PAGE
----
MOSCOW (Reuters) - NATO troops will march across Red Square on Sunday as Russia marks the 65th anniversary of victory over Nazi Germany, a gesture of friendship to the West which has won praise from President Barack Obama but enraged Communists.
Foreign leaders including President Hu Jintao of China and German Chancellor Angela Merkel will watch as over 11,000 troops from World War Two victors Russia, the United States, Britain and France parade to the sound of a huge military band.
Russia’s Communists, still the country’s biggest opposition party, pledged to hold a protest march in central Moscow after the parade. They will chant slogans against NATO forces for marching over a hallowed square which is also home to the embalmed body of their revolutionary hero, Vladimir Lenin.
“Foreign troops have never appeared on Red Square. It’s a violation of tradition,” said Sergei Obukhov, a member of the party’s Central Committee.
“The presence of foreign troops with weapons in their hands is...an unnecessary reminder that we lost the Cold War.”
Obama, unable to come to Moscow because of a scheduling clash, praised the invitation to NATO troops.
“President Medvedev has shown remarkable leadership in honoring the sacrifices of those who came before us, and in speaking so candidly about the Soviet Union’s suppression of elementary rights and freedoms,” he said in a statement.
Most Russians seem to back Medvedev’s invitation to the NATO forces, which will include a detachment of Welsh Guards from Britain and around 70 U.S. troops from the 170th Infantry Brigade based in Germany.
A poll by the independent Levada Center last month showed that 55 percent viewed the presence of NATO troops at the parade as wholly or partly positive, with only 28 percent opposing it.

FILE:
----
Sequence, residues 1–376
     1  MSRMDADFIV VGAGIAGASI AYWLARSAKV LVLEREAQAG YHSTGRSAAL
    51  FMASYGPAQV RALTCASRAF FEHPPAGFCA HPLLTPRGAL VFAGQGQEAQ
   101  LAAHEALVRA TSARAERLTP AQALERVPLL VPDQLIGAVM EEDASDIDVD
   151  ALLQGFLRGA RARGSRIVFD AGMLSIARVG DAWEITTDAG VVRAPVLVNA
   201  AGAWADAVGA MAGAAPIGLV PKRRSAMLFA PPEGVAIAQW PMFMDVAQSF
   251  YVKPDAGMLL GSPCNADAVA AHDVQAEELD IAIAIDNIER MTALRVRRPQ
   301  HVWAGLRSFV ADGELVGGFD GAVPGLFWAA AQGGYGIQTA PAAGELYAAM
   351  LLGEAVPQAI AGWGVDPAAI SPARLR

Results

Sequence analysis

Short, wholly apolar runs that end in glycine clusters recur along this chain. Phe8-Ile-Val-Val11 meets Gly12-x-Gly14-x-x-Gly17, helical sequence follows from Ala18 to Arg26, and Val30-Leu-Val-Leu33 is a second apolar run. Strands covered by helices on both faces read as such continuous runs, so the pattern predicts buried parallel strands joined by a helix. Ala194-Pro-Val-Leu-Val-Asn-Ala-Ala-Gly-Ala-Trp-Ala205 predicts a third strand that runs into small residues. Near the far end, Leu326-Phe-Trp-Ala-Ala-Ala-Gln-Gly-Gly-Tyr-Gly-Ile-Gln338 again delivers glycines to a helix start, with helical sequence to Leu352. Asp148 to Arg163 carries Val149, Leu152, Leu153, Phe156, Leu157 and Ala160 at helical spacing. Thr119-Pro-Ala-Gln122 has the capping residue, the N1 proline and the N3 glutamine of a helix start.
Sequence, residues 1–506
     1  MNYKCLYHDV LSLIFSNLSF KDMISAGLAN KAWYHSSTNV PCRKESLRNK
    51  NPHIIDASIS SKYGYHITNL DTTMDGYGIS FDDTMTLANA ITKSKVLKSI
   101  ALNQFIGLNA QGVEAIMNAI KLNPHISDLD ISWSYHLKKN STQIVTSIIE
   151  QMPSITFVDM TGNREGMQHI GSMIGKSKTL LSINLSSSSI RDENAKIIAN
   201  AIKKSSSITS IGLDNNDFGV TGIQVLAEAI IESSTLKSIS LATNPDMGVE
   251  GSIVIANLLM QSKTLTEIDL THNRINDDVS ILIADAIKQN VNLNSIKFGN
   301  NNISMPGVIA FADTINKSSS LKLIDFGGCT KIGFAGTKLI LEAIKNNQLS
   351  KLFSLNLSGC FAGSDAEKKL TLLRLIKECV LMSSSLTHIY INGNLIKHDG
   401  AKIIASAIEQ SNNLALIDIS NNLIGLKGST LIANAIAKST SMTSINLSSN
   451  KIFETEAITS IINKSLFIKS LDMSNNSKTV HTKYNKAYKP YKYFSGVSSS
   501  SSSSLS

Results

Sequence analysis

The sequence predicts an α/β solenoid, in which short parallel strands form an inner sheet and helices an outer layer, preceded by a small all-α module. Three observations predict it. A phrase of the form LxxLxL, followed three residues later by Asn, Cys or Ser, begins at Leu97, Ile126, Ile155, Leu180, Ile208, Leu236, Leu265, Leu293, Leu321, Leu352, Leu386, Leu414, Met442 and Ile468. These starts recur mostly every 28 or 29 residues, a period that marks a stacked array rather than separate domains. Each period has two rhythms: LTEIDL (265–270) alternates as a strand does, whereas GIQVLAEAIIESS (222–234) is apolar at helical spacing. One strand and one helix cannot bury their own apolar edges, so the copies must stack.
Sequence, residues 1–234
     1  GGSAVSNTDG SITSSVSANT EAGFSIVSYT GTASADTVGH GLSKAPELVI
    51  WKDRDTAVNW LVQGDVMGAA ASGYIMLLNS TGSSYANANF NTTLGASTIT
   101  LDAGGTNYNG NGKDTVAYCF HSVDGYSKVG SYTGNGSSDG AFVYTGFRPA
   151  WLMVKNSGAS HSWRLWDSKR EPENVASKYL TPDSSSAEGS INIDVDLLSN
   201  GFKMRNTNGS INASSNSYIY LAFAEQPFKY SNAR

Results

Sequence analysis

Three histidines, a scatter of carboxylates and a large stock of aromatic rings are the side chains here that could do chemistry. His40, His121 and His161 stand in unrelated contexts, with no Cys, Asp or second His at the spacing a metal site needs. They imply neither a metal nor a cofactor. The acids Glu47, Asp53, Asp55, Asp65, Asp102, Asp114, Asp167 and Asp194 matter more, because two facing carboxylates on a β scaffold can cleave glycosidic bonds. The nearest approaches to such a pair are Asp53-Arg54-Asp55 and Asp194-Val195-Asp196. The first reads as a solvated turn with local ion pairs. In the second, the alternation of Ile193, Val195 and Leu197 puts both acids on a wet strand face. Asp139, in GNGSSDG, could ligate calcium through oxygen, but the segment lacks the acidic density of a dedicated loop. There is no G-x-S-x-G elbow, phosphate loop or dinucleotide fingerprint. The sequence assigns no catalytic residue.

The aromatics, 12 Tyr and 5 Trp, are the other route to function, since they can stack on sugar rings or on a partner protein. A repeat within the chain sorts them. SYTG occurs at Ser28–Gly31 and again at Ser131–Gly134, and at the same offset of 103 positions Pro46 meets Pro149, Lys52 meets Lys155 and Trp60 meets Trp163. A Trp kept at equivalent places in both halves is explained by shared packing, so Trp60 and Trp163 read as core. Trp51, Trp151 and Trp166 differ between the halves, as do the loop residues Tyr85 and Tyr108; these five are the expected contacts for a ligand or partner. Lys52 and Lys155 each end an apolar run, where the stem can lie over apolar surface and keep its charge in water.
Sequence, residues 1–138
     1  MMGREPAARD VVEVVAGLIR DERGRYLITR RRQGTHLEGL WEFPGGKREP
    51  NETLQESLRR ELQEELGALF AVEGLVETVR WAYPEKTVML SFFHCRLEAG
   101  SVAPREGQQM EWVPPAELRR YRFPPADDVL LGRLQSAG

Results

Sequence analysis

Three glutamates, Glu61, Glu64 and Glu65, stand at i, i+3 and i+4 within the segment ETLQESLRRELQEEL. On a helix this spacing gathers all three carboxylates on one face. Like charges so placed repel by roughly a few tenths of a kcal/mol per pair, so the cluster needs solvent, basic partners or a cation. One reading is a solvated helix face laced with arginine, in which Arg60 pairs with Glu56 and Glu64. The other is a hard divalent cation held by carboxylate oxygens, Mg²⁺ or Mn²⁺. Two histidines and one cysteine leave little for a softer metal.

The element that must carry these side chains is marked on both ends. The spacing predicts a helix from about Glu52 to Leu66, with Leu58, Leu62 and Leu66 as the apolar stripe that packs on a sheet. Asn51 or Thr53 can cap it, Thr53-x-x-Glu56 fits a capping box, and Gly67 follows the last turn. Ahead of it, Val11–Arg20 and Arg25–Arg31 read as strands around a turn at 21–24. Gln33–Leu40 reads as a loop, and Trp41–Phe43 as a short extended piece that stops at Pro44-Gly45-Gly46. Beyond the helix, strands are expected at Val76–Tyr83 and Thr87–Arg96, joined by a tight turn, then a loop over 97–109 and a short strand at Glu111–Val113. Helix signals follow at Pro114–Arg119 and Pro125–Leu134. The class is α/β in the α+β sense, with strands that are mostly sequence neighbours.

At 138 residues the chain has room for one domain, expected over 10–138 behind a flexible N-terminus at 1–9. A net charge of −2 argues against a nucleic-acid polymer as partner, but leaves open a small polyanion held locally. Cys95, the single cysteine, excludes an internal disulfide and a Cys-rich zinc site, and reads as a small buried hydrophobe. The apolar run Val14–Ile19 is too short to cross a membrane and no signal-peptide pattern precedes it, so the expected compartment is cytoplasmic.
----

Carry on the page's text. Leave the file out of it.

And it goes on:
The result may reflect markedly better relations between Moscow and Washington since Obama’s election and his “reset” of relations. This has already brought a new treaty cutting nuclear weapons and a deal on helping supply NATO forces in Afghanistan.
Victory Day is one of Russia’s most important public holidays and Defense Minister Anatoly Serdyukov said that this year’s commemorations would be among the biggest ever, with over 102,000 troops marching in cities across this vast country.
But contemporary concerns have also intruded. French President Nicolas Sarkozy and Italian Prime Minister Silvio Berlusconi canceled their attendance at the last minute, citing the need to deal with the crisis surrounding the euro currency.
Continuing a tradition begun by Stalin, Soviet and then Russian troops have marched in Red Square every year on May 9 to mark the capitulation of Nazi forces in Berlin.
Russian leader Vladimir Putin revived two years ago a Soviet-era tradition of parading tanks, missiles and military vehicles across the square and flying helicopters, fighters and bombers low overhead.
While Medvedev greeted war veterans on Saturday, accompanied by Ukraine President Viktor Yanukovich and Belarus leader Alexander Lukashenko, Putin hosted a special meeting and dinner at his country retreat outside Moscow for China’s Hu.
The Kremlin, which is eager to shore up its influence and tighten ties two decades after the Soviet breakup, is using this year’s parade to stress bonds among the former republics, many of whose leaders will attend.
Among the weaponry on show this year will be Russia’s latest S-400 air Defense system, which claims to be capable of shooting down up to six missiles or aircraft simultaneously at a distance of up to 400 km (250 miles).
China, Iran, Saudi Arabia, South Korea and the United Arab Emirates are said to be interested in buying the system.
Additional reporting by Conor Humphries, Gleb Bryanski and Lidia Kelly; Editing by Mark Trevelyan